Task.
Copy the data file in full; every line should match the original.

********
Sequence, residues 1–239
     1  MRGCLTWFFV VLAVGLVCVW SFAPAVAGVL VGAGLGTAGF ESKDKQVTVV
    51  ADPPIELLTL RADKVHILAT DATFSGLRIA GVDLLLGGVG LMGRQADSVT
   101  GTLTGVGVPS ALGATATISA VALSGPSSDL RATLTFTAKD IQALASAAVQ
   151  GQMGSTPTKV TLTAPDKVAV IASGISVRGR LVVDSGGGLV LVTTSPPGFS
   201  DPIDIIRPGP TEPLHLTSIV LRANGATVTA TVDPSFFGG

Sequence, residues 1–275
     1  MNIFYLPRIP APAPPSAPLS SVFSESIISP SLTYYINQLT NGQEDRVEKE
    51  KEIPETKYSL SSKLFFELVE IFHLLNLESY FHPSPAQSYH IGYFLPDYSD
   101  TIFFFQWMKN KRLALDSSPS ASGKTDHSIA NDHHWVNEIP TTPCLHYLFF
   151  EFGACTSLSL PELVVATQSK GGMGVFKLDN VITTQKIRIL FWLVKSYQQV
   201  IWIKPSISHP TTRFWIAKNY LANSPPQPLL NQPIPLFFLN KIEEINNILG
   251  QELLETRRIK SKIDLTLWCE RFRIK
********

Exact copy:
Sequence, residues 1–239
     1  MRGCLTWFFV VLAVGLVCVW SFAPAVAGVL VGAGLGTAGF ESKDKQVTVV
    51  ADPPIELLTL RADKVHILAT DATFSGLRIA GVDLLLGGVG LMGRQADSVT
   101  GTLTGVGVPS ALGATATISA VALSGPSSDL RATLTFTAKD IQALASAAVQ
   151  GQMGSTPTKV TLTAPDKVAV IASGISVRGR LVVDSGGGLV LVTTSPPGFS
   201  DPIDIIRPGP TEPLHLTSIV LRANGATVTA TVDPSFFGG

Sequence, residues 1–275
     1  MNIFYLPRIP APAPPSAPLS SVFSESIISP SLTYYINQLT NGQEDRVEKE
    51  KEIPETKYSL SSKLFFELVE IFHLLNLESY FHPSPAQSYH IGYFLPDYSD
   101  TIFFFQWMKN KRLALDSSPS ASGKTDHSIA NDHHWVNEIP TTPCLHYLFF
   151  EFGACTSLSL PELVVATQSK GGMGVFKLDN VITTQKIRIL FWLVKSYQQV
   201  IWIKPSISHP TTRFWIAKNY LANSPPQPLL NQPIPLFFLN KIEEINNILG
   251  QELLETRRIK SKIDLTLWCE RFRIK